Hereafter is methodical, slow-paced, which in many ways acts as a case of catharsis than a movie that aims to entertain. Eastwood delivers a simple, yet shockingly subdued movie, burning in tension underneath, with an ambience of coldness and piercing silence—almost close to how life functions for the normal, smaller than life person.


The progression of the story and the plot arrangement seem unpolished at first instance. It was filmed after the first draft of the screenplay itself, but deep inside, it is not really unpolished. The story is tense, the treatment is subtle, and the tone is therapeutic with some striking scenes backed by the fantastic cinematography (Tom Stern) and beautiful artistic design (James J. Murakami, Patrick Sullivan, and co.). Clint Eastwood gives the movie an expressionistic stamp. It’s of course a drastic switch from his popular Western flicks. Hereafter is more natural and imaginative that rounds up beautifully to become perceptive than interpretative.

Is Hereafter flawless? Why, that would be impossible! The immediate bonding of Melanie, portrayed pleasantly by Bryce Dallas Howard, and George seems far stretched, especially the dialog exchanges between the two in their cooking class sounding premature. The final coincidental meeting of the three central characters at a Book Fair in London, while that may not be impossible, pushes the issue towards sluggish writing, hence, the first draft bite.

Even with such flaws, Hereafter is an ironic story and flawed as human lives are. At the end, when dealing with a human who spends more time contemplating and contacting the dead than the alive, and characters immersed into the art of dying, the flaws in the movie punctuate the artistic allurements and the loopy plotlines—making this movie a playful involvement into poetry, over a serious approach on prose. After all, life is poetry. You never really realize how and when it starts and how and when it ends. Wasn’t it just yesterday?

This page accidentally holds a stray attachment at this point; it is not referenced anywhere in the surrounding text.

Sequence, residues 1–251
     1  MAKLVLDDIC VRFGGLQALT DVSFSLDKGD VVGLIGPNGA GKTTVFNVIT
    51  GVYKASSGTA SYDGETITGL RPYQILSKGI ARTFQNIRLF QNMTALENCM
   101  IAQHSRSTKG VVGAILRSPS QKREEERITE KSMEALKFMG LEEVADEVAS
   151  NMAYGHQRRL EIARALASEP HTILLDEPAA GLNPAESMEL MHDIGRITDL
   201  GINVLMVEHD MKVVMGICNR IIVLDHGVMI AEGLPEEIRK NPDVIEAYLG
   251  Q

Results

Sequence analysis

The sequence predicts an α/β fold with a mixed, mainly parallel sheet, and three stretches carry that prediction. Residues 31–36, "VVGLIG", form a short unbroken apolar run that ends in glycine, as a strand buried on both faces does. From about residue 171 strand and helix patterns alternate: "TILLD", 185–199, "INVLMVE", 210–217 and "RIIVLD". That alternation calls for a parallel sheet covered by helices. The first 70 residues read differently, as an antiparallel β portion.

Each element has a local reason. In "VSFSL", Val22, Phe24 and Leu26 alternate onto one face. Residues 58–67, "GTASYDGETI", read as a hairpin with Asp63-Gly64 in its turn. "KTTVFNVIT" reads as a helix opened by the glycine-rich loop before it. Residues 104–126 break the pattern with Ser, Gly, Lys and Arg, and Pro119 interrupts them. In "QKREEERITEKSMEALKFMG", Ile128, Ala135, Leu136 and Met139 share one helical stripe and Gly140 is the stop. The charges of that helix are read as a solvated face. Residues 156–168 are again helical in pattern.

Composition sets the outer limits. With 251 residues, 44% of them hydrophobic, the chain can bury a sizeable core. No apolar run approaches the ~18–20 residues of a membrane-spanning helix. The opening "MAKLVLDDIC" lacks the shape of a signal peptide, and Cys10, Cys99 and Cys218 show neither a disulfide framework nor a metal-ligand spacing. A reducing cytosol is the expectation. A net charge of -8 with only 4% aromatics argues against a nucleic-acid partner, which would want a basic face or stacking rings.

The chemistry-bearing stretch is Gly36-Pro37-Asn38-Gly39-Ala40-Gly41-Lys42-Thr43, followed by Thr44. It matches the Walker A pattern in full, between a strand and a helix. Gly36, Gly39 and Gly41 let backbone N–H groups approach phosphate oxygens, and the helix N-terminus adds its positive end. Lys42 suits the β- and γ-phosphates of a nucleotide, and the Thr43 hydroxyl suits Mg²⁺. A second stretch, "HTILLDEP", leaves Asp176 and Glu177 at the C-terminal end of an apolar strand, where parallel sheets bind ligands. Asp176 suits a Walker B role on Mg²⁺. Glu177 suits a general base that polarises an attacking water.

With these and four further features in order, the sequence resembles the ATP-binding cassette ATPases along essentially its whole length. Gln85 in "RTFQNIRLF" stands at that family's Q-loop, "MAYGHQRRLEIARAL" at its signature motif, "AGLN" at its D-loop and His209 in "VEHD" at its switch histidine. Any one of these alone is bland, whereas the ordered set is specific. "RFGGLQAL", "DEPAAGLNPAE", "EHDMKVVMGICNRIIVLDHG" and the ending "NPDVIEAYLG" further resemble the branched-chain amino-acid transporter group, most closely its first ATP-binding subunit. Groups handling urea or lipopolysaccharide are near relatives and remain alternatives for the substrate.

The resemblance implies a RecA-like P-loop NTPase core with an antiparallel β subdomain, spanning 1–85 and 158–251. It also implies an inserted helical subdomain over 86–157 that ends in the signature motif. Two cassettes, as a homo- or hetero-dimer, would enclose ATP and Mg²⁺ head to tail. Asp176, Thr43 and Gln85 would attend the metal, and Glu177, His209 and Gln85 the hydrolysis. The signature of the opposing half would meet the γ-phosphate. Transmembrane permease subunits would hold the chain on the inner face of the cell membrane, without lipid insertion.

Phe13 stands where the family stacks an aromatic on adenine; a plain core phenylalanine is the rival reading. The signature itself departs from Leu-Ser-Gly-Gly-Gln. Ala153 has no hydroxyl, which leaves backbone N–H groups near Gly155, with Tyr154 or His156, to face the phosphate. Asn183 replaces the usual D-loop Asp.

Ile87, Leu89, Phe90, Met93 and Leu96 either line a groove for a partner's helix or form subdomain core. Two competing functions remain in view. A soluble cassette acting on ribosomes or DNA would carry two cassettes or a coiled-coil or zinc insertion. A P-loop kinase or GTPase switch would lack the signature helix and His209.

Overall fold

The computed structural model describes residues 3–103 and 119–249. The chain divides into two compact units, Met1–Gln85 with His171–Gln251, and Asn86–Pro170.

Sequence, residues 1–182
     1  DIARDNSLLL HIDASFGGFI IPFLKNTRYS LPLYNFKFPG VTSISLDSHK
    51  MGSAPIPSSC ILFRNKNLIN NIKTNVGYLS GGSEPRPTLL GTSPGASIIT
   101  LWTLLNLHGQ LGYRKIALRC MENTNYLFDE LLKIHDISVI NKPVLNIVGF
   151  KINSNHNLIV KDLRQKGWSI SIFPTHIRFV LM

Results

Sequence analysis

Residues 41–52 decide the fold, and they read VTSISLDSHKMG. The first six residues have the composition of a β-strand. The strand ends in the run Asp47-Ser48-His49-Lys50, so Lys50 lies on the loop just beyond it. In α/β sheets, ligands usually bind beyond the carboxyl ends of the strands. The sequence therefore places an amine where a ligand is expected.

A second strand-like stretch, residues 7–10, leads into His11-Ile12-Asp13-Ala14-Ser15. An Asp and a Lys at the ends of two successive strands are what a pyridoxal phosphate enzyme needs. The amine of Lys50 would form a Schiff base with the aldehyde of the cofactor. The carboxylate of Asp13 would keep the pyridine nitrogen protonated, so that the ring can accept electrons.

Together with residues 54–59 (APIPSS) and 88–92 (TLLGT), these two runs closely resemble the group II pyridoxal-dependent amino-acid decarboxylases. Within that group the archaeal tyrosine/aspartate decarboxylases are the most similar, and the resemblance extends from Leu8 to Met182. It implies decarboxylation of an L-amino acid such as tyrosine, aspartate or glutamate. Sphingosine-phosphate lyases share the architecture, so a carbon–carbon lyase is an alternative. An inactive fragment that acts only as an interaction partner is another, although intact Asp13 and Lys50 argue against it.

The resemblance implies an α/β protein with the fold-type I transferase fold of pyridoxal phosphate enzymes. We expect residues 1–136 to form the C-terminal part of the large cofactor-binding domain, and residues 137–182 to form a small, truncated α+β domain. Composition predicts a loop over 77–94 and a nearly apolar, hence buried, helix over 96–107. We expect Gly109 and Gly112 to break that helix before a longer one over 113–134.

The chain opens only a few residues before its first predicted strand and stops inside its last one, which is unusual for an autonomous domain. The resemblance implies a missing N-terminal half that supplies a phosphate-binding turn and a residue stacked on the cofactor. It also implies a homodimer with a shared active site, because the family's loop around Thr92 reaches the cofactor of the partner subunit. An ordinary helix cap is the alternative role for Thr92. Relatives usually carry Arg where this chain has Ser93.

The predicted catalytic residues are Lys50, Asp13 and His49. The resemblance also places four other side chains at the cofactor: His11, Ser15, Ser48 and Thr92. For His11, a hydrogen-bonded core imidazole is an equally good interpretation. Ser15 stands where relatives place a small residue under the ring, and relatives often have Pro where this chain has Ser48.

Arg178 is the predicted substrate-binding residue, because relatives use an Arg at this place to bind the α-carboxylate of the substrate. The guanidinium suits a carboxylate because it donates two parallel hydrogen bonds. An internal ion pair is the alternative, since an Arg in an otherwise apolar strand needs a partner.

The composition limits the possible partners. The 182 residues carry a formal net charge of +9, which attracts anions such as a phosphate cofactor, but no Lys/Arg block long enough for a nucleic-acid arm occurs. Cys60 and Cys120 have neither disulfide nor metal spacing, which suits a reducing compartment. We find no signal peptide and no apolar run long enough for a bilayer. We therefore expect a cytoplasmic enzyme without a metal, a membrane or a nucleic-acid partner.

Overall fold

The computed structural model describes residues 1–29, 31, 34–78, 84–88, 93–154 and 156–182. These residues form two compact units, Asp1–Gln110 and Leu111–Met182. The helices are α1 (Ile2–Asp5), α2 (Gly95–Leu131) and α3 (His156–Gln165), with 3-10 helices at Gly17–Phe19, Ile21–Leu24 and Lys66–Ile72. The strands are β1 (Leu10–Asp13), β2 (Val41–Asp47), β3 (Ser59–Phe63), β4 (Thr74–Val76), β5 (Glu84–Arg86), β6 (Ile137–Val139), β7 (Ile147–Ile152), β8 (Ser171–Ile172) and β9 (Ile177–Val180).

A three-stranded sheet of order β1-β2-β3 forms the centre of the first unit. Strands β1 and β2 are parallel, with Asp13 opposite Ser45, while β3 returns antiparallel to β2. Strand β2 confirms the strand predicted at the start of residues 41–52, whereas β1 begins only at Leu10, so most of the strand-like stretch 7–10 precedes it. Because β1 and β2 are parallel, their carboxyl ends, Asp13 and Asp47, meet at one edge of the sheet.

Hereafter mayn’t be an archetypical Clint Eastwood classic. Yet, Hereafter might stand in the pinnacle of his arsenal. While there may be movies that are better remembered and perceived than this hushed classic; as far as storytelling and a perfect treatment of a story is concerned, Hereafter is one of Eastwood’s prime feathers in his hat filled with the good, the bad, and the ugly.


Hereafter masters the art of witnessing. It dares to be honest without the preaching. It’s as good a soother you could find, closely mirroring the beats of music than actual drama. If there’s tenderness in movies, it’s right here. One of Eastwood’s finest attempts, it’s arguably his most underrated gem – a movie worth applauding for its honesty, beauty, and serenity.